Tom's Definitive Linux Software Roundup: Audio Production

Software Instruments


Virtual MIDI Keyboard (v. 1.9)

Virtual MIDI Keyboard (VMK) is an on-screen 36-key piano roll. VMK can be hooked into a synthesizer for playback via JACK. It's pretty simple; just connect the output of VMK to the input of your synthesizer in the ALSA tab of JACK Control. There are some controls for reverb and chorus, as well as a ton of presets.

The default view is a basic piano roll, but the GUI can be extended to include options for key, velocity/pitch, controls, and a program list.

Virtual MIDI Piano Keyboard (v. 0.3.2)

Virtual MIDI Piano Keyboard, or VMPK from here on out, is one of the best virtual keyboards available for Linux. VMPK has 66 keys (as opposed to the 36 of VMK), though still short of the 72 keys in ZynSubAddFX and Yoshimi.

VMPK also includes a ton of built-in instrument sounds, which most other virtual keyboards rely on outside synths for. The view menu can add or remove functionality, including a musical note overlay onto the keyboard itself. This keyboard also adjusts to the size of the application window, making it as big as your screen or as small as your eyes can handle.


Aeolus (v. 0.8.4)

Aeolus is a synthesized pipe organ emulator. This app has no virtual keyboard, so you'll need a hardware keyboard or a software one like Virtual MIDI Keyboard.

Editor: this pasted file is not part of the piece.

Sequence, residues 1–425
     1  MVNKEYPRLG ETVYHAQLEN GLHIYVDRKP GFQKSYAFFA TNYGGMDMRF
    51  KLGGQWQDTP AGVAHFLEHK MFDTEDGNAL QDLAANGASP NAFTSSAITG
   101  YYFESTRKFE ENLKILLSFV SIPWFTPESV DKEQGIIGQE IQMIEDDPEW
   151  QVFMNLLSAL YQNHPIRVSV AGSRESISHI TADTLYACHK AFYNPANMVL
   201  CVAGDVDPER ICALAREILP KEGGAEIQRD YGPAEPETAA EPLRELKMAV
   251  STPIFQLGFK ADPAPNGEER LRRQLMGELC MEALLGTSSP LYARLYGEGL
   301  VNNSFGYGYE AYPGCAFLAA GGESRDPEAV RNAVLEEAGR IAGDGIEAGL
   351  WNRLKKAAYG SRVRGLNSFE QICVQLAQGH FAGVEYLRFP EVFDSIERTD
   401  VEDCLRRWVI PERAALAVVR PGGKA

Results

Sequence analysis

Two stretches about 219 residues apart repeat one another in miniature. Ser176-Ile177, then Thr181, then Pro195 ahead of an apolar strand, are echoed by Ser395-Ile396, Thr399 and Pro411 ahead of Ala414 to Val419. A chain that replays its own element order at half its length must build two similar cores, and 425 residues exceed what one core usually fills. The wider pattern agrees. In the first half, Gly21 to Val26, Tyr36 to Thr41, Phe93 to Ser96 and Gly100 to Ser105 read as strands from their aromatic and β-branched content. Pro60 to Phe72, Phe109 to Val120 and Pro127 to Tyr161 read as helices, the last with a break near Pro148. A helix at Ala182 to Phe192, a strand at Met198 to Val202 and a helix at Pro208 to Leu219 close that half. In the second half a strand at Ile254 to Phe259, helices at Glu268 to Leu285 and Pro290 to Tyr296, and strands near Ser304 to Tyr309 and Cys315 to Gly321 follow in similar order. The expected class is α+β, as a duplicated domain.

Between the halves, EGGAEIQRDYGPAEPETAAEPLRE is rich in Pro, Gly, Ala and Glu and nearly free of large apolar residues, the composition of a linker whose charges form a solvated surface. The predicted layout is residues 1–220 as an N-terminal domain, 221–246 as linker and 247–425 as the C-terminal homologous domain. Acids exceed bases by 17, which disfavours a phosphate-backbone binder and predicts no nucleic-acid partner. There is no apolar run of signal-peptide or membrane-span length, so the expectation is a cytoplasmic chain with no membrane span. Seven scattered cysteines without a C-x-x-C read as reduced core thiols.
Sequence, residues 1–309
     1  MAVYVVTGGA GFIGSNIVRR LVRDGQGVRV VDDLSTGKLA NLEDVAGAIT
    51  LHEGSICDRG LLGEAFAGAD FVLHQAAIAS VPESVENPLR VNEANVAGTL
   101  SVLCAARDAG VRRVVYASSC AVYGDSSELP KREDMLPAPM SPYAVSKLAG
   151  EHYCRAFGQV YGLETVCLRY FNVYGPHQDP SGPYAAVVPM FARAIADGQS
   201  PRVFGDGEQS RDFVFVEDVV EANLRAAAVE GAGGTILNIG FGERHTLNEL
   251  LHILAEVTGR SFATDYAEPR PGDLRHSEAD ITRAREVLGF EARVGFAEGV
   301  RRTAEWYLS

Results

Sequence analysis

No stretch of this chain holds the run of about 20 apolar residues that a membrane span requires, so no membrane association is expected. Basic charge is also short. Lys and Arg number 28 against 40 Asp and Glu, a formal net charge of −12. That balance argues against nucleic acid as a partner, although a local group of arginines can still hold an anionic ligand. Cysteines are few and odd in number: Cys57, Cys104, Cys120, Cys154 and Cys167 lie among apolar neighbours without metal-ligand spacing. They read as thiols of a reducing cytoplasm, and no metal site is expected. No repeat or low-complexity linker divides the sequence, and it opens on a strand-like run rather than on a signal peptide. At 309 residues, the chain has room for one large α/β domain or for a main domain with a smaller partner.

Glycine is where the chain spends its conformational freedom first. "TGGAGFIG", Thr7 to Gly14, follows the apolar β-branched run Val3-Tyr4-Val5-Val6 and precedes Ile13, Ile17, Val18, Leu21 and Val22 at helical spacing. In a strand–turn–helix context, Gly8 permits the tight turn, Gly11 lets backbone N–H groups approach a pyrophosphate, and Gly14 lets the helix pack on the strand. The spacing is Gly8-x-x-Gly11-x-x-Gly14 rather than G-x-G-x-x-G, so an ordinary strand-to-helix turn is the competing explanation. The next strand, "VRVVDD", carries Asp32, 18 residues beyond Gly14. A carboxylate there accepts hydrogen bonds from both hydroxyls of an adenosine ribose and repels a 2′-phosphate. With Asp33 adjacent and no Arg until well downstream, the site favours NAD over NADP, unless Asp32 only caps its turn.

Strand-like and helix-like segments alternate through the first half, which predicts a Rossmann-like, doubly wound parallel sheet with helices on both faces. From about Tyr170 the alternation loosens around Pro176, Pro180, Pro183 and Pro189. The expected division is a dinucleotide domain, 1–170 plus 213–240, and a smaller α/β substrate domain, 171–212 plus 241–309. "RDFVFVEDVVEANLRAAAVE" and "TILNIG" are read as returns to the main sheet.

The user interface is split into divisions, each with multiple stops. You need to enable each division in the MIDI window in order for any stops in that division to take effect. Once Aeolus is hooked into the system audio playback and a keyboard is connected, everything is smooth sailing.


Hydrogen (v. 0.9.4)

Hydrogen is a drum synthesizer with a number of drum configuration options available. By default, Hydrogen comes pre-loaded with a drum kit featuring kick, stick, snare jazz, hand clap, snare rock, tom low, closed high hat, tom mid, pedal high hat, tom high, open high hat, cowbell, ride jazz, crash, ride rock, and crash jazz instruments. An alternative kit provides access to kick low, kick high, shaker, conga, cymbal and clave sounds. Users can mix and match these components to create custom drum kits. The mixer window controls levels for each instrument in the drum kit separately.

Most of Hydrogen's funtions are contained in the main application window, with the exception of the mixer. Everything about the UI is clean and logical. The upper part of the screen contains patterns, while the lower part houses a notation area for each instrument in that pattern's drum kit. Despite the level of control that Hydrogen presents, this application is shockingly easy to pick up and use. There are no audio frameworks, setup options, or drivers to fool with; this app just works. Whether you are a drummer or just want to fool around with creating beats on your PC, Hydrogen is a great app for anyone.